Nsf Funds Research into Human Impacts on River Ecosystems

A team of researchers led by Colorado State University will investigate the direct impacts of roads – and the people who travel on them to remote natural areas – on rivers and their ecosystems with a $1.7 million, four-year grant from the National Science Foundation.  

The project, which will take place in Puerto Rico’s Caribbean National Forest, will look at a case study of how junctions between rivers and roads impact the environment, including sediment changes in the water; migrating wildlife patterns new recreational opportunities; and to the introduction of trash, pollution, camp fires and foot and vehicle traffic.

"People are attracted to areas that are remote and secluded. But we go to these areas without an understanding of how the biodiversity is altered by our presence," said John Loomis, Colorado State University Department of Agricultural and Resource Economics researcher and team leader. "How resilient are these ecosystems? Are they resilient enough to bounce back, or are there irreversible changes? Do we love parts of nature to death?"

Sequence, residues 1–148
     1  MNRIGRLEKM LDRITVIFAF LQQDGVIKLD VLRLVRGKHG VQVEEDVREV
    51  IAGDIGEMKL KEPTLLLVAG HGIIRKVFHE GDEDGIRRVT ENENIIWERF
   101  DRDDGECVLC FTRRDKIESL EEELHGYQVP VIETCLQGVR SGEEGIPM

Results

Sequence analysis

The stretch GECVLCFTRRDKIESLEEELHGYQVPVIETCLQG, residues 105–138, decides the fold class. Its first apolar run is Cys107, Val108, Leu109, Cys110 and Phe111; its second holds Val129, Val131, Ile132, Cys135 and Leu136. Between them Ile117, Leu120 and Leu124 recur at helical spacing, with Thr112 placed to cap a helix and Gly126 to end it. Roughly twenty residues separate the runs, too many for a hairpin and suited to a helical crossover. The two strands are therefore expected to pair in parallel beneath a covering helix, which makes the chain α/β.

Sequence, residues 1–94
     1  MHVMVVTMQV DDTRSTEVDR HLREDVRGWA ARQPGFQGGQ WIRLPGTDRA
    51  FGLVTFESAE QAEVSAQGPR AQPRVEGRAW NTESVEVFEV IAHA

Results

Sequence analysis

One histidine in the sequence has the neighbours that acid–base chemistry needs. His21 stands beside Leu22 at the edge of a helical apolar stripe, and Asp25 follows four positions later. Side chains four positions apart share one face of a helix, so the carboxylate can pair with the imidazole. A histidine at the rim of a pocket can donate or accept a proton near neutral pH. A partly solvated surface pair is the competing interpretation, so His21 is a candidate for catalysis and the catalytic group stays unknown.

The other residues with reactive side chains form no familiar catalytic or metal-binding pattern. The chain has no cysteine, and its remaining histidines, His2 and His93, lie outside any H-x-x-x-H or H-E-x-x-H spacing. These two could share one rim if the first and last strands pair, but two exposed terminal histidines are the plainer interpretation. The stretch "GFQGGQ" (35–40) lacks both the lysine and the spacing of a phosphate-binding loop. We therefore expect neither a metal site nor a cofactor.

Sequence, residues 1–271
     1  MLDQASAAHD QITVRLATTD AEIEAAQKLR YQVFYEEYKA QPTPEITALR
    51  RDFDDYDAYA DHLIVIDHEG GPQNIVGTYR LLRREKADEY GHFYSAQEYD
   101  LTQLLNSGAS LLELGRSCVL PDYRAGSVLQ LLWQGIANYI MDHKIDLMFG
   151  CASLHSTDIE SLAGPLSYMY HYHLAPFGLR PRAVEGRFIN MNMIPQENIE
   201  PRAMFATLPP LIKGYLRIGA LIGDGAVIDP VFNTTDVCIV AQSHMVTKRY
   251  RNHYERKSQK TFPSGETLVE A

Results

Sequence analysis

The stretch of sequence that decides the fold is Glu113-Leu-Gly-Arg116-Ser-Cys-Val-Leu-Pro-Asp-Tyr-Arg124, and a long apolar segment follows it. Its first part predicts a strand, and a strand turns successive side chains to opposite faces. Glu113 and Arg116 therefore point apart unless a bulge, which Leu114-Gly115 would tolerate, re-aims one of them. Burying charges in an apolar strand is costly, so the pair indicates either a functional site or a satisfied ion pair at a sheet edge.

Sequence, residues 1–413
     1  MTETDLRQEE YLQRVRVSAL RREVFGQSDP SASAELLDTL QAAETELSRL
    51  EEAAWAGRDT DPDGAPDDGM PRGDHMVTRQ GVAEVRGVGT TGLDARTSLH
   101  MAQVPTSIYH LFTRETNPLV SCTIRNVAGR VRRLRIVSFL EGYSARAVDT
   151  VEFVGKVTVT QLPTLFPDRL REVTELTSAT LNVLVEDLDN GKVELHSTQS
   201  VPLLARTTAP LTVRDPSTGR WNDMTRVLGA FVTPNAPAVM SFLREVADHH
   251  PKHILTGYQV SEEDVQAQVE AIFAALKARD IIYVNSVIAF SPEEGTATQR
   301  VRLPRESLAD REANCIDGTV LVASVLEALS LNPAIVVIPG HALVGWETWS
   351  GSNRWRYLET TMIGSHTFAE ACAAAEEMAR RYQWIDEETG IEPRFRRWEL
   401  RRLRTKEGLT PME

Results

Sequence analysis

The project includes additional interdisciplinary researchers from Colorado State’s civil engineering department and earth resources department, and researchers from the University of Georgia, University of Pennsylvania, Utah State University, the U.S. Forest Service and the University of Puerto Rico.

"Northeastern Puerto Rico is a good natural laboratory because that area is experiencing rapid urbanization, which means an increased road network that modifies the natural landscape and places people closer to natural resources," said Loomis. "We can measure the effects on fish and shellfish harvesting, introduction of non-native plant species and recreational uses and compare their biodiversity and ecosystem to similar areas that are still remote."

The group will conduct multiple field studies to survey stream habitats from undisturbed headwaters in the tropical forest and compare the habitat with urbanized costal areas, model stream habitats and road networks in relation to seasons and events using GPS systems and provide information about research results to resource managers and teachers in Puerto Rico.